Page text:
Craig Tibbitts has worked at the Australian War Memorial since 2000, initially in the Research Centre where he was Senior Curator of Official and Private Records. During much of that time he was also in charge of administration and research for the Memorial’s Roll of Honour. In 2016 Craig joined the Military History Section as Research Project Manager for an independent history of the Vietnam War’s medical legacies.
He studied the management of information, records, libraries and archives at University of Canberra from 1999, graduating with a Bachelor of Information Management in 2001. Craig has subsequently studied military history at UNSW (ADFA) and is currently writing his thesis on psychological war wounds relating to Australian forces.
Craig’s main areas of interest and research are military medicine (including psychology), the Vietnam War, the First World War (Western Front), the Second World War (North Africa), and the New Zealand Wars (1845–1872).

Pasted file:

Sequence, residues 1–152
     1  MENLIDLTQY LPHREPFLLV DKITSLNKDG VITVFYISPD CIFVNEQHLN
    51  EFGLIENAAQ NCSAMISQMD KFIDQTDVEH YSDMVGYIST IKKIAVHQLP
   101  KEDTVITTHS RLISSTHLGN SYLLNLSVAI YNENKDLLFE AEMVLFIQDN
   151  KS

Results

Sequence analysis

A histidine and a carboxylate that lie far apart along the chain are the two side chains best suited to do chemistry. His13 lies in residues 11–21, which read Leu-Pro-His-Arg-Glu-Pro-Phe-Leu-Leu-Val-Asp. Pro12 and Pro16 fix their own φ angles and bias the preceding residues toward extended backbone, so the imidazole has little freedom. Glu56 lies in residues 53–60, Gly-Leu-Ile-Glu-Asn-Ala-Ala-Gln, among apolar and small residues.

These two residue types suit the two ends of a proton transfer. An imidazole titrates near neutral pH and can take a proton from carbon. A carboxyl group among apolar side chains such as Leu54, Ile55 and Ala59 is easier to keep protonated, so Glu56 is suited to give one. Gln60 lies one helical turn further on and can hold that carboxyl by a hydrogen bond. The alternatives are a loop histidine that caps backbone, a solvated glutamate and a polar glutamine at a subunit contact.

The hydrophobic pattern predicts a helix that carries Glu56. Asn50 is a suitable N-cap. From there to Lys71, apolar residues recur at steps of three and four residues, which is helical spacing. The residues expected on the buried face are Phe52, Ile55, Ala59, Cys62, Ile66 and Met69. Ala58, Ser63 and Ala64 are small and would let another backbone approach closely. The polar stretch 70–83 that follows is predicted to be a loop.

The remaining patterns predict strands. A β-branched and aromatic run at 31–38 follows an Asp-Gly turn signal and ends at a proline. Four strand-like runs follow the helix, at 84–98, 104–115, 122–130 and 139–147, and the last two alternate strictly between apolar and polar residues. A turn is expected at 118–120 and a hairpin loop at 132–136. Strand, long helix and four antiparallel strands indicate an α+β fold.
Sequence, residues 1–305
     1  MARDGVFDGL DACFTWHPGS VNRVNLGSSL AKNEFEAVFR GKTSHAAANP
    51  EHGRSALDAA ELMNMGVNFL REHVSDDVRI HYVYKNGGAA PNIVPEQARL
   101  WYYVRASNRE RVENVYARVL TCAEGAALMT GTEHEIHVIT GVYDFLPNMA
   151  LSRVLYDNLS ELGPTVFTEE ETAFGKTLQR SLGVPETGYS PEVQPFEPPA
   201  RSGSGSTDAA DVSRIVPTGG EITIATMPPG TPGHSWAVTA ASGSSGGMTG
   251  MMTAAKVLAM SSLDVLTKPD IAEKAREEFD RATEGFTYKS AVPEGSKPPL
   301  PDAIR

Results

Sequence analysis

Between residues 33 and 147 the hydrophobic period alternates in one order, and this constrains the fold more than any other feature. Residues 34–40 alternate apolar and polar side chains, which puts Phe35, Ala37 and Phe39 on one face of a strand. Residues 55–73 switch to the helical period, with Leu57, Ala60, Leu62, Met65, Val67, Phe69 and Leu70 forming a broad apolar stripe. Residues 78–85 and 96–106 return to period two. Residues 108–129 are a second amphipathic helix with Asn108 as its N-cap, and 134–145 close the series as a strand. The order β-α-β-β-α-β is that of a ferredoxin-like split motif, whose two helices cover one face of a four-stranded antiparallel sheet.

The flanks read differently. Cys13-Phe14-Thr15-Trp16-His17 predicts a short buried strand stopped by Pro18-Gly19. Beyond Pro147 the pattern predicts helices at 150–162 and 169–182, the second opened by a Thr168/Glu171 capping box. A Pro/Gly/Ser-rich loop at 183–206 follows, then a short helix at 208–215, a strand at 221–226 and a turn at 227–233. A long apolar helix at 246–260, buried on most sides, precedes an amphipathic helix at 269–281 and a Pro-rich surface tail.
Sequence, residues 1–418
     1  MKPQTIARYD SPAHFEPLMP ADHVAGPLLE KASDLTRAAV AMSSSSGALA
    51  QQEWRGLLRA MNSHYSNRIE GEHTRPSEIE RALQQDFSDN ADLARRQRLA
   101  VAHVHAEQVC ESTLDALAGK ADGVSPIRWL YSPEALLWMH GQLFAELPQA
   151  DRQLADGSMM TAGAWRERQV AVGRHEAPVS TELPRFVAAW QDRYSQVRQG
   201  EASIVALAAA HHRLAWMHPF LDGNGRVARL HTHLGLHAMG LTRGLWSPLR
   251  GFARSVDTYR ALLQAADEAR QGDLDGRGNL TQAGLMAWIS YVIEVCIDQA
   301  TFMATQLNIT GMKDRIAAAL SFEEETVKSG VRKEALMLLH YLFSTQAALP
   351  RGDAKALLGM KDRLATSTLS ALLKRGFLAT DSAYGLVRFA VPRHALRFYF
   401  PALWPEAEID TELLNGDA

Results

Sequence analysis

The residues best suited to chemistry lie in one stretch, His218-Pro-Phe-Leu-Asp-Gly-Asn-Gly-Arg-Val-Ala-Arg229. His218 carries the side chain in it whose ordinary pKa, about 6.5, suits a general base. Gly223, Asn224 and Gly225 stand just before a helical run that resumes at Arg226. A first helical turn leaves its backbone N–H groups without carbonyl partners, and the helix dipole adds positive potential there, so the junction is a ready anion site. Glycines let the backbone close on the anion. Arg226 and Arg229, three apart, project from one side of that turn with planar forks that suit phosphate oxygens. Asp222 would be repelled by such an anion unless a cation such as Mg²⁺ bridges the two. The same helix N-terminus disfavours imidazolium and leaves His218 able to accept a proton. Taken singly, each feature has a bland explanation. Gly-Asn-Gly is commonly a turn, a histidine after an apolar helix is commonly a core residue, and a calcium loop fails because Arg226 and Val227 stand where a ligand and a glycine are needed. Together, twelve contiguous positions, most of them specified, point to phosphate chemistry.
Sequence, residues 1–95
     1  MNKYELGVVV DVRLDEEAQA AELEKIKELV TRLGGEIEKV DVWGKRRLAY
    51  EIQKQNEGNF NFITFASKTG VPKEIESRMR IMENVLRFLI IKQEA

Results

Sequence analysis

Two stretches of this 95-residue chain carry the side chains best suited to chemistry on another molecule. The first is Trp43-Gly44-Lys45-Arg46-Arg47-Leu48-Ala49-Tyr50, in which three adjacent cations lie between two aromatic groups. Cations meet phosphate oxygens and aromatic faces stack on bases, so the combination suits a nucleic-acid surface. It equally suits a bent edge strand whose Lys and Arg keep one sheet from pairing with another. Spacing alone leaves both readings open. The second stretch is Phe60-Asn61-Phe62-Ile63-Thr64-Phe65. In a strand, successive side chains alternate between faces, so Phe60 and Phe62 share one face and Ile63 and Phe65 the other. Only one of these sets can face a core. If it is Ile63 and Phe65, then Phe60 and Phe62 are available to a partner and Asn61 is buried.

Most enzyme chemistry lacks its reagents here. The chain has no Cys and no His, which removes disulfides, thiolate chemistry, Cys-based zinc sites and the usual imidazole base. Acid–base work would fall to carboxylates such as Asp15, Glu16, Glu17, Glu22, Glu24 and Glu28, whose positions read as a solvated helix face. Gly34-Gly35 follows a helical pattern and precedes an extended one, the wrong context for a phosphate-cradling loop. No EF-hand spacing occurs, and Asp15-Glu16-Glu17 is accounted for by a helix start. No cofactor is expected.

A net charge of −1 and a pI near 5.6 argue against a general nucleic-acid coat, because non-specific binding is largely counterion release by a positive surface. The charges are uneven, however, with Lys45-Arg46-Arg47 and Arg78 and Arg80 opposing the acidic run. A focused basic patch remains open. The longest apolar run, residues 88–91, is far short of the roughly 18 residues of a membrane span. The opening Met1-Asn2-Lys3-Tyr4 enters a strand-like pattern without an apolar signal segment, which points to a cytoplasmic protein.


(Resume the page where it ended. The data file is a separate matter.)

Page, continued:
“Australians in the First Battle of El Alamein, July 1942”, Sabretache, vol. 45, no. 1, March 2004, pp. 5-20.
“‘The Toughest Battle of All’”, Wartime, no. 38, 2007, pp. 54–57.
“‘Good, Fearless Soldiers’”, Inside History, Jan–Feb 2014, pp. 32–35.
“‘A Military Fervour Akin to Religious Fanaticism’: Scottish Military Identity in the Australian Imperial Force”, in A global force: war, identities and Scotland's diaspora, Edinburgh University Press, Edinburgh, 2017.
“Casualties of war: for those who survived the ordeal of combat, the medical legacies could endure for a lifetime”, Wartime no. 85, 2019, pp. 30–35.